As a general rule, your application should use the simplest cursor that provides the required data access. Each additional cursor characteristic beyond the basics (forward-only, read-only, static, scrolling, unbuffered) has a price — in client memory, network load, or performance. In many cases, the default cursor options generate a more complex cursor than your application actually needs.
Your choice of cursor type depends on how your application uses the result set and also on several design considerations, including the size of the result set, the percentage of the data likely to be used, sensitivity to data changes, and application performance requirements.
At its most basic, your cursor choice depends on whether you need to change or simply view the data:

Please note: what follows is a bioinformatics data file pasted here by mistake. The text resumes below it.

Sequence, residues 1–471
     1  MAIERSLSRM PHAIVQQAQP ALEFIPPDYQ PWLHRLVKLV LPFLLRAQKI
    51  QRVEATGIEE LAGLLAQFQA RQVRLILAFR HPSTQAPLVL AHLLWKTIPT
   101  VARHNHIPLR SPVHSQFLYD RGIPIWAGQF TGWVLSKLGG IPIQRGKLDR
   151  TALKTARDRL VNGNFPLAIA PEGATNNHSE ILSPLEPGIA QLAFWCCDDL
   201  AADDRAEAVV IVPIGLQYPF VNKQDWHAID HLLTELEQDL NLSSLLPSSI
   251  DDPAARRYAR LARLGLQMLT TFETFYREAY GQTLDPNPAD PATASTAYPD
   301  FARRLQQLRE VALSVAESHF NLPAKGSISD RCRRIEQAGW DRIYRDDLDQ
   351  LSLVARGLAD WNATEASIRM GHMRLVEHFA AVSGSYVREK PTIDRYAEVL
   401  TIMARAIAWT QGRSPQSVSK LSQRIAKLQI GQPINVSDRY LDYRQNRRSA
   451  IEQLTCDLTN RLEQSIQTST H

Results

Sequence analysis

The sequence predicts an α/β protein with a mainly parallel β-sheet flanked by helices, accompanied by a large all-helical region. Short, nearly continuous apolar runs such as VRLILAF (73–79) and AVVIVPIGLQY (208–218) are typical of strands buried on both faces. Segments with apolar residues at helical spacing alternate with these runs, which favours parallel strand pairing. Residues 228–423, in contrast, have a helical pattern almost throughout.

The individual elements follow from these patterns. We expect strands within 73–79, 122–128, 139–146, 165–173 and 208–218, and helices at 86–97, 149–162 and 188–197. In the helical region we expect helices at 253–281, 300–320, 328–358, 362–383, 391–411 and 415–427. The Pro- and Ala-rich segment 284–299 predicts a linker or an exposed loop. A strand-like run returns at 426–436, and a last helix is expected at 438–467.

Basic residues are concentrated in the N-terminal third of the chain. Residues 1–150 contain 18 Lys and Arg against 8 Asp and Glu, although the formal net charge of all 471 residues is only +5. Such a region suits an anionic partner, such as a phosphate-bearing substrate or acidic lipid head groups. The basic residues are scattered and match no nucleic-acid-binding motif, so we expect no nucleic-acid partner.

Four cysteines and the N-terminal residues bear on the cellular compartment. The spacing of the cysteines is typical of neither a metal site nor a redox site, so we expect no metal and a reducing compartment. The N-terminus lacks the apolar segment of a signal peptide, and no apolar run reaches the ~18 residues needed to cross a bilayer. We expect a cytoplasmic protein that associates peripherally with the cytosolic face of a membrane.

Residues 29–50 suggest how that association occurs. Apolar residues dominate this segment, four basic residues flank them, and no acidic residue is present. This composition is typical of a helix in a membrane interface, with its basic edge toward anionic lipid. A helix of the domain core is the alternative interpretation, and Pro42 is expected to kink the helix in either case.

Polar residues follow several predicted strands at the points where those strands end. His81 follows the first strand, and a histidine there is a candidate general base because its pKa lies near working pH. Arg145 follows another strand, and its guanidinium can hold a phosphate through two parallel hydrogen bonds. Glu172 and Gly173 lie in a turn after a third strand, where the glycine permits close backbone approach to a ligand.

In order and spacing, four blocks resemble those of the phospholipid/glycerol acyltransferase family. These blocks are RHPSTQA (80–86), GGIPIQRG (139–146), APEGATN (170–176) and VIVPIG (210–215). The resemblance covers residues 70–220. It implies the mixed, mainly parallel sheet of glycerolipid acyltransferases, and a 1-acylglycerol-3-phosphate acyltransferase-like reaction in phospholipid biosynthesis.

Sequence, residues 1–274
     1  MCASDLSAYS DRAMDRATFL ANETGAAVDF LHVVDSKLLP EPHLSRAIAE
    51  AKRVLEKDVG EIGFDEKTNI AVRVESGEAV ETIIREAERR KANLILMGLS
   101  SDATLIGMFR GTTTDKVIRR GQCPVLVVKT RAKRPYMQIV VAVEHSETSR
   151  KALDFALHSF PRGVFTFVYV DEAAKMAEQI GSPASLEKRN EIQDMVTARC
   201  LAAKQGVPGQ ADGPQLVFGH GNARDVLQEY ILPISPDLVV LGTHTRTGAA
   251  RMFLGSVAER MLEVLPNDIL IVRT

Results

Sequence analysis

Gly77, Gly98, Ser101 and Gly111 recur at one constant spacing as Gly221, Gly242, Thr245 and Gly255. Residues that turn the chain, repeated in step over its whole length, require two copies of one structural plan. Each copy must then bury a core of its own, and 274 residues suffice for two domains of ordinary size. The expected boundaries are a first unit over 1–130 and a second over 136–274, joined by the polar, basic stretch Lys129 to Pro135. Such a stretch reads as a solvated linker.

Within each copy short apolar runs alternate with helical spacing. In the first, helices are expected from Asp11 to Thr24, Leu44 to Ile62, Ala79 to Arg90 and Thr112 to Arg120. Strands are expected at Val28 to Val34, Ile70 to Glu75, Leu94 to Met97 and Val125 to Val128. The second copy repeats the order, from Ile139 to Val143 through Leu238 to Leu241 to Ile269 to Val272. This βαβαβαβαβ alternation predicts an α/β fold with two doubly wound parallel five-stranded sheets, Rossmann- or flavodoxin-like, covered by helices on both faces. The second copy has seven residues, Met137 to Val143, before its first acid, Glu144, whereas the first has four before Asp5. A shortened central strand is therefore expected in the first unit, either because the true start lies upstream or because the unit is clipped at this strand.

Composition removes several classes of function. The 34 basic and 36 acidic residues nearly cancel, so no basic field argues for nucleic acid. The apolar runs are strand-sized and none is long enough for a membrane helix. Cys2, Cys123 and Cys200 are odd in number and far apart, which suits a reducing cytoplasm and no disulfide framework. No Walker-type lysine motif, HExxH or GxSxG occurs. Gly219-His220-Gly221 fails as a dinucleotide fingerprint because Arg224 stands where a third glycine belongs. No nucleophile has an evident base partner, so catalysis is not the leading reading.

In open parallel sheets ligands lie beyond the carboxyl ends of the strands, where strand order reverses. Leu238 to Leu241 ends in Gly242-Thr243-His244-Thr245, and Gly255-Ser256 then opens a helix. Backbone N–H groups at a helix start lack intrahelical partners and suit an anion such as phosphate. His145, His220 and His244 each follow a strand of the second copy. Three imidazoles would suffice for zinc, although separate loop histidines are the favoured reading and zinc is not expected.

If you have a large result set and need to select just a few rows, use a keyset cursor.
If you want to synchronize a result set with recent adds, changes, and deletes by all concurrent users, use a dynamic cursor.
Although each cursor type seems to be distinct, keep in mind that these cursor types are not so much different varieties as simply the result of overlapping characteristics and options.
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